By Mark Kleiman for About News. Last fall, a panel of the Mexican Supreme Court held that prohibition of cannabis use violates the constitutional right to the “free development of personality,” a provision that tracks Article 22 of the U.N. Declaration on Human Rights. The legal situation is complex: for now, the Supreme Court decision applies only to the four plaintiffs who brought the case, but five more decisions on the same point would establish a nationally binding precedent. Mexico had already, by legislation, decriminalized the possession of up to 5 grams of cannabis for personal use, but as a result, users caught in possession of slightly larger amounts have found themselves charged with drug dealing.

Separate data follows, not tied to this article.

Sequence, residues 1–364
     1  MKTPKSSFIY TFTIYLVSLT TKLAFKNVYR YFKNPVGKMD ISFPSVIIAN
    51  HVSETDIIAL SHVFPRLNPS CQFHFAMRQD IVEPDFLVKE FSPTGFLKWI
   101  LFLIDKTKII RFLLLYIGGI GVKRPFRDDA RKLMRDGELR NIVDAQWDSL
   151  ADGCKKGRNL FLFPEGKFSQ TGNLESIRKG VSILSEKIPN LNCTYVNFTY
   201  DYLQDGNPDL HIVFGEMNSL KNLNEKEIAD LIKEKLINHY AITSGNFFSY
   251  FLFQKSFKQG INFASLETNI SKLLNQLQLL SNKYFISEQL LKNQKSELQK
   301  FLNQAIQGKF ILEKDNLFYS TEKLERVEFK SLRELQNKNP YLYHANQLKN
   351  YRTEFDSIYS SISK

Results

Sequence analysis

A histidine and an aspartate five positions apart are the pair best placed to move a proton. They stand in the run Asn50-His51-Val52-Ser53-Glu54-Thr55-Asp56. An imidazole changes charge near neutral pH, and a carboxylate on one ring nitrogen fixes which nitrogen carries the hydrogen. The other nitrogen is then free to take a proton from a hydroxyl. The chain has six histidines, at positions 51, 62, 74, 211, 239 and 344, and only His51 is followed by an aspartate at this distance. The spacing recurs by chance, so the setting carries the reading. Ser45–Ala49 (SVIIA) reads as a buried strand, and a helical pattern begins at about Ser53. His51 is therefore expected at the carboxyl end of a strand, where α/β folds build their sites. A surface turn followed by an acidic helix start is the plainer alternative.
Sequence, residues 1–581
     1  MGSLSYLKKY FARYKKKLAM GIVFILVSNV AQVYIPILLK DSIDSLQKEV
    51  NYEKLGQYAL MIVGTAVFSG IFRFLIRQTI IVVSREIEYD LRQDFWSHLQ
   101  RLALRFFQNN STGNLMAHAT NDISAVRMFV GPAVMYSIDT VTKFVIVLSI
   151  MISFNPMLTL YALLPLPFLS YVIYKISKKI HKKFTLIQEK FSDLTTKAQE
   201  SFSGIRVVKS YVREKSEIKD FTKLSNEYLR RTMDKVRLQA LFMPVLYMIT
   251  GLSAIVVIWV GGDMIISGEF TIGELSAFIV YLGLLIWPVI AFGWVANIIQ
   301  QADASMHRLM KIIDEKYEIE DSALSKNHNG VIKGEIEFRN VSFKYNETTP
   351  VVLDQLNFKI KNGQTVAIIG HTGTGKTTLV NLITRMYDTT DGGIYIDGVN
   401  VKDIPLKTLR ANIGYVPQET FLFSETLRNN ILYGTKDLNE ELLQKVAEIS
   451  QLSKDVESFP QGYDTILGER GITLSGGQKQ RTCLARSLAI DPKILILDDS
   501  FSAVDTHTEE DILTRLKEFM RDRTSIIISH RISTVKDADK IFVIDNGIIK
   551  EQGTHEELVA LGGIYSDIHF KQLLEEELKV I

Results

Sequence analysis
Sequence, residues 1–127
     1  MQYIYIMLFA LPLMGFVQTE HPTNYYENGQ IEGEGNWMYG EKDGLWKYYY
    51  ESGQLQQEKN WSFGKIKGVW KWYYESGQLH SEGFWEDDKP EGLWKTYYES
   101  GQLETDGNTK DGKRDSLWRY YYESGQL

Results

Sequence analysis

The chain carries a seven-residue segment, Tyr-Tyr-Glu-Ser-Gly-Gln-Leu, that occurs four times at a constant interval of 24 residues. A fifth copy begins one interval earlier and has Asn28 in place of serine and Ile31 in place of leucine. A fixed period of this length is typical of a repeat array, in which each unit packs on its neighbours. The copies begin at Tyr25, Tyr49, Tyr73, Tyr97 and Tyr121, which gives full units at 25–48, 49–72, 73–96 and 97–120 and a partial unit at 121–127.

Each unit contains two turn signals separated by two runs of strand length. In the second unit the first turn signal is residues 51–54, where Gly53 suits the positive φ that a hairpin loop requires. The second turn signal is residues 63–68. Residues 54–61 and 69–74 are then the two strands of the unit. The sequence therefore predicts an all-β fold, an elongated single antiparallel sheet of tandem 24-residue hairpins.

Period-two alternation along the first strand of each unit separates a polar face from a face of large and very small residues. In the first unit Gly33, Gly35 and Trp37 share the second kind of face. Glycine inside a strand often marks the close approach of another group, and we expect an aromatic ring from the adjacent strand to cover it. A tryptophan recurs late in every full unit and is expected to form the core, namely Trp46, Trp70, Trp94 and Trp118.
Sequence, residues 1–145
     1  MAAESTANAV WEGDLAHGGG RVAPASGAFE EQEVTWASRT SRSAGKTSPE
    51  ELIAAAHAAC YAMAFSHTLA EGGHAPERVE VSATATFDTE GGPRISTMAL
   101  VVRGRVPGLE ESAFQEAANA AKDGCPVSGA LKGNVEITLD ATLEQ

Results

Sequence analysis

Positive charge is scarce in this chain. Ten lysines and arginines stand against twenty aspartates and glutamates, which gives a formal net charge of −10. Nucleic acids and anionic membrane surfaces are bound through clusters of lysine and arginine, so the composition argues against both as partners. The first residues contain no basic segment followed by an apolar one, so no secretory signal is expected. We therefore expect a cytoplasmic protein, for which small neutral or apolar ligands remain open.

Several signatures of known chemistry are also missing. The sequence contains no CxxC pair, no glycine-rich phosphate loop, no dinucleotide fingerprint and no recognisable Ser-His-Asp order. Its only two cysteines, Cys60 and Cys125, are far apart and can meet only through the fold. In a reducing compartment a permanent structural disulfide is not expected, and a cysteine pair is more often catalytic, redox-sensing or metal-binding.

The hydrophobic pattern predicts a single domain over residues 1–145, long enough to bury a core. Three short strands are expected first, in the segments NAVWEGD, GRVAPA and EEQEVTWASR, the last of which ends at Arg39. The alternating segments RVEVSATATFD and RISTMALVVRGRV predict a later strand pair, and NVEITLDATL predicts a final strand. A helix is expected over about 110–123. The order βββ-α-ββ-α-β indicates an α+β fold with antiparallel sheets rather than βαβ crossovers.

Secretario de Gobernación Miguel Ángel Osorio Chong announced a public debate on cannabis policy. (The office of Secretario de Gobernación – literally, “Secretary of Government,” usually translated “Interior Minister” – is generally regarded as second in importance only to the presidency, as it combines control of both domestic law enforcement and the intelligence service with some of the functions handled in the U.S.